What is a Root Cause Analysis?
A root cause analysis is a means to get to the bottom of a problem or unexpected event. Root cause analyses are important to undertake when your project or product is not what was expected. Root cause analyses aim at improving products or processes – quality – and they must be undertaken in systematic ways in order to be effective. The general process for undertaking a root cause analysis are:
- Describe the problem your company is looking at
- Gather data associated with the problem
- Identify potential causes for the problem
- Identify which causes you will remove or change in order to prevent repeat problems
- Identify solutions that will be effective in preventing repeat problems
- Implement changes
- Observe changes to ensure that they have effectively eliminated the problem
There are many techniques involved in a root cause analysis. You may already be familiar with the five whys analysis. Even if you aren’t, you will be familiar with it and many of the other types of root cause analysis techniques after reading the rest of this article.
Five Whys Analysis
This might sound like the technique of a five-year-old wanting to get out of going to bed, but the five whys analysis can be quite useful for getting to the underlying causes of a problem. By identifying the problem, and then asking "why" five times – getting progressively deeper into the problem, the root cause can be strategically identified and tackled.
Failure Mode and Effects Analysis (FMEA)
The failure mode and effects analysis (FMEA) is a technique aimed to find various modes for failure within a system. Many manufacturing companies utilize this technique. FMEA requires several steps to execute:
- All failure modes (the way in which an observed failure occurs) must be determined.
- How many times does a cause of failure occur?
- What actions are implemented to prevent this cause from occurring again?
- Are the actions effective and efficient?
FMEA is often performed and updated any time a new product or process is generated, when changes are made to current conditions, or to the design, when new regulations occur, or when there is a problem determined through customer feedback.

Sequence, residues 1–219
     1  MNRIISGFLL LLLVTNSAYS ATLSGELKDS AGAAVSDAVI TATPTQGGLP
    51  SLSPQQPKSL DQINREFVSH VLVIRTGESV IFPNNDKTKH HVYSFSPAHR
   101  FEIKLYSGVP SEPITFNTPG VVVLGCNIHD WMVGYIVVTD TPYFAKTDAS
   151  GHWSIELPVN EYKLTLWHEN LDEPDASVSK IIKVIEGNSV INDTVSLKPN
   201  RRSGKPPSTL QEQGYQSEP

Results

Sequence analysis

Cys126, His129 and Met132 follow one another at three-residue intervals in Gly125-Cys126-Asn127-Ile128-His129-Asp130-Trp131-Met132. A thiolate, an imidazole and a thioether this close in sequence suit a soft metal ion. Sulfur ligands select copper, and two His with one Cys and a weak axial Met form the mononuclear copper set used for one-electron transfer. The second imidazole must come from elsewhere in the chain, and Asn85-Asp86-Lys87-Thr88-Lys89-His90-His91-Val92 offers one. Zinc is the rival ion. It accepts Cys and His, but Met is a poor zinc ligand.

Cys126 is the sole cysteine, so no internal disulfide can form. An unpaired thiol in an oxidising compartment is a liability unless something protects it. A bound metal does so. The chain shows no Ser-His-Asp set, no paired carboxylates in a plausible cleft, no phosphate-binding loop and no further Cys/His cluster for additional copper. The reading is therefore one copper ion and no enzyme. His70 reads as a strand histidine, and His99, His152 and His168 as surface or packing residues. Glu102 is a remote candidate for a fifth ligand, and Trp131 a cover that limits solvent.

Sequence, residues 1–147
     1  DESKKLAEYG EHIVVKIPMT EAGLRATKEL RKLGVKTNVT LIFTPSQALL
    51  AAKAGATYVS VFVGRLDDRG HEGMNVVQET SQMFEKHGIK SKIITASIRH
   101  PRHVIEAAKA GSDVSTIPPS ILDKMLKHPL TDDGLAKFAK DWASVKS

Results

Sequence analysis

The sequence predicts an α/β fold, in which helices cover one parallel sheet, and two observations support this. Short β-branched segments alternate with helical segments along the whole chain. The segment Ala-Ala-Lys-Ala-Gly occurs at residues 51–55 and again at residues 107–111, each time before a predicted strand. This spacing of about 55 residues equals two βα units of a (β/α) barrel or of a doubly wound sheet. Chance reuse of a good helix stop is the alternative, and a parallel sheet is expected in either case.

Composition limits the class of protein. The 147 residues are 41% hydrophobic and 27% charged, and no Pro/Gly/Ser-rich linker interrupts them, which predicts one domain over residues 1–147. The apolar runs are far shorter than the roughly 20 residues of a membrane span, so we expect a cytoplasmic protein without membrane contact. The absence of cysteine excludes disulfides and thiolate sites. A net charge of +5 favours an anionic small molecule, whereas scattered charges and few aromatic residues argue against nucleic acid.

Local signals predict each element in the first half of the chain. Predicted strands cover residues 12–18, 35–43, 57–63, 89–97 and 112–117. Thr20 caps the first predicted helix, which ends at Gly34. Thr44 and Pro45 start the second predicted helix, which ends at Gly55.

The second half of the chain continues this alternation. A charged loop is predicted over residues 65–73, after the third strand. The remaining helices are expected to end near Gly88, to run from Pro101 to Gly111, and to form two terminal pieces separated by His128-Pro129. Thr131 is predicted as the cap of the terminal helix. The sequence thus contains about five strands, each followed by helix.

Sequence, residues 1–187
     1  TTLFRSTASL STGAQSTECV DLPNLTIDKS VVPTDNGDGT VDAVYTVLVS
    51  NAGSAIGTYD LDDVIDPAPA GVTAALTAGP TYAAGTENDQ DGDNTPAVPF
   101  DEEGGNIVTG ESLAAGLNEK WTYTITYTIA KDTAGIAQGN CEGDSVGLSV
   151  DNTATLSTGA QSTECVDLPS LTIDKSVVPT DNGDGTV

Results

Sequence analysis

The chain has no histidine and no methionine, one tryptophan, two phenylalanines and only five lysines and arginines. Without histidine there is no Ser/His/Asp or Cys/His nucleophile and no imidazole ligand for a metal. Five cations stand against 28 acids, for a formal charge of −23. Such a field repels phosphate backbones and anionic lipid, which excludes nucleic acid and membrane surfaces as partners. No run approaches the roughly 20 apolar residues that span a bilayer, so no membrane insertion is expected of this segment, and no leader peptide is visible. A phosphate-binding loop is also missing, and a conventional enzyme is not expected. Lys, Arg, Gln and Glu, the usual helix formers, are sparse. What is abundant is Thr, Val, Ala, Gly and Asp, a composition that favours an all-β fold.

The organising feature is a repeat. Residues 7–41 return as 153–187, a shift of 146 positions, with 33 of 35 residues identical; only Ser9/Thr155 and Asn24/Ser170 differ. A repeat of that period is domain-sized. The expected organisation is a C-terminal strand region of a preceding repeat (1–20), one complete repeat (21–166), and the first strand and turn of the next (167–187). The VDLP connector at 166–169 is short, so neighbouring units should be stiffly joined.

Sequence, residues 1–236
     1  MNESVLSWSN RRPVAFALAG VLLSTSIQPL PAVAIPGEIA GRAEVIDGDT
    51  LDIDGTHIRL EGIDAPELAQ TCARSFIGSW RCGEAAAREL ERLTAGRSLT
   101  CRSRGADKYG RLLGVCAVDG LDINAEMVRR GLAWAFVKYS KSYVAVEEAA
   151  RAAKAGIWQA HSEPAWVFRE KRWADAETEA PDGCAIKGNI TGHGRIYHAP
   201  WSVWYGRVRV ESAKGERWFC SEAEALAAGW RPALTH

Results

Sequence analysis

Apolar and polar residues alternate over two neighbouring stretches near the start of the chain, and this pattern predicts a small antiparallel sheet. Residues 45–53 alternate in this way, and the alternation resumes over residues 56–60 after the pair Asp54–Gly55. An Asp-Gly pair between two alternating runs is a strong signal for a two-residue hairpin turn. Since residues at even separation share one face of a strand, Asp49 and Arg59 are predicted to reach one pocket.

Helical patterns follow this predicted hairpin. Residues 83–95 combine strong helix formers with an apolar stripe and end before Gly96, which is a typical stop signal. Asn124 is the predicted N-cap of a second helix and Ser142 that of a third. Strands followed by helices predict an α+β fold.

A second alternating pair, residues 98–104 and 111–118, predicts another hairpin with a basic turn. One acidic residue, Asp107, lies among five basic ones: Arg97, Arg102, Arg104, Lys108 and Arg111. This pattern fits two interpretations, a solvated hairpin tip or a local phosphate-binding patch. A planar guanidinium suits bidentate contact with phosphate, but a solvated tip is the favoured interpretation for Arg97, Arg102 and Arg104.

The Pareto analysis operates using the Pareto principle (20% of the work creates 80% of the results). You will want to run Pareto analysis any time when there are multiple potential causes to a problem. In order to perform a Pareto analysis, you will want to create a Pareto chart using Excel or some other program. To create a Pareto chart, you will list potential causes in a bar graph across the bottom – from the most important cause on the left to the least important cause on the right. Then, you will track the cumulative percentage in a line graph to the top of the table. The causes reflected on the table should account for at least eighty percent of those involved in the problem.
Fault Tree Analysis
Fault Tree Analysis (FTA) is another method of getting to the root cause of a problem. An FTA uses boolean logic to determine the root causes of an undesirable event. This root cause analysis technique is often used in risk analysis and safety analysis. At the top of the fault tree, the undesirable result is listed. From this event, all potential causes tree down from it. Each potential cause is listed on the diagram in the shape of an upside down tree.
Current Reality Tree (CRT)
The current reality tree analyzes a system at once. It would be used when many problems exist and you want to get to the root causes of all the problems. The first step in creating a current reality tree is listing all of the undesirables or, problems. For example, you may have the following problems with your computer:
- The computer keeps crashing when using a particular program
- The computer often runs slow
- The computer sometimes randomly shuts off
- Items you save aren’t where you expect them to be
Now, what happens next is to begin a chart starting with each of those problems using causal language (if…and…then). The tree will depict each potential cause for a problem. Eventually, the tree will show one cause that is linked to all four problems.
Fishbone or Ishikawa or Cause-and-Effect Diagrams
No matter what term you use for the fishbone diagram, the truth is, that it is a useful technique that will help you in your root cause analysis. A fishbone diagram will group causes into categories including:
Depending on the industry you are in, you may use different categories such as The 4 M’s (manufacturing), The 4 S’s (service) or the 8 P’s (also service). The diagram gets its name due to the fact that it looks like a fishbone, with categorized causes and their sub-causes visualized.
The Kepner-Tregoe technique, also known as rational process is intended to break a problem down to its root cause. This process begins with an appraisal of the situation – what are the priorities and orders for concerns for specific issues? Next, the problem analysis is undertaken, where an analysis is undertaken to get the cause of undesired events. Then, a decision analysis is tackled, outlining various decisions that must be made. Finally, a potential problem analysis is made to ensure that the actions decided upon in step three are sustainable.
RPR Problem Diagnosis
One final technique used in root cause analyses is the RPR Problem diagnosis. RPR stands for "Rapid Problem Resolution" and it deals with diagnosing the causes of recurrent problems. This process has three phases:
- Discover – team members gather data and analyse their findings
- Investigate – a diagnostic plan is created and the root cause is identified through careful analysis of the diagnostic data
- Fix – the problem is fixed and monitored to ensure that the proper root cause was identified.